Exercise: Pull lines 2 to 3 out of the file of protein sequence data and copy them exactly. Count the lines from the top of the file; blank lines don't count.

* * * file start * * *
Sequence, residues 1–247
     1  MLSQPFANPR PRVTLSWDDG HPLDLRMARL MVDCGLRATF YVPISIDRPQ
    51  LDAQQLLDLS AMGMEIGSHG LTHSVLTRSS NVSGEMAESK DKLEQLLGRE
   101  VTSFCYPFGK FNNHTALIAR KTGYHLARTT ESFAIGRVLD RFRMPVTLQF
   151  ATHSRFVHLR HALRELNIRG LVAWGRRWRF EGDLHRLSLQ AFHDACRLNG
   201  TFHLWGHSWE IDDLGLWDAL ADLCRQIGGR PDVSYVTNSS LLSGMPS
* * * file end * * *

     1  MLSQPFANPR PRVTLSWDDG HPLDLRMARL MVDCGLRATF YVPISIDRPQ
    51  LDAQQLLDLS AMGMEIGSHG LTHSVLTRSS NVSGEMAESK DKLEQLLGRE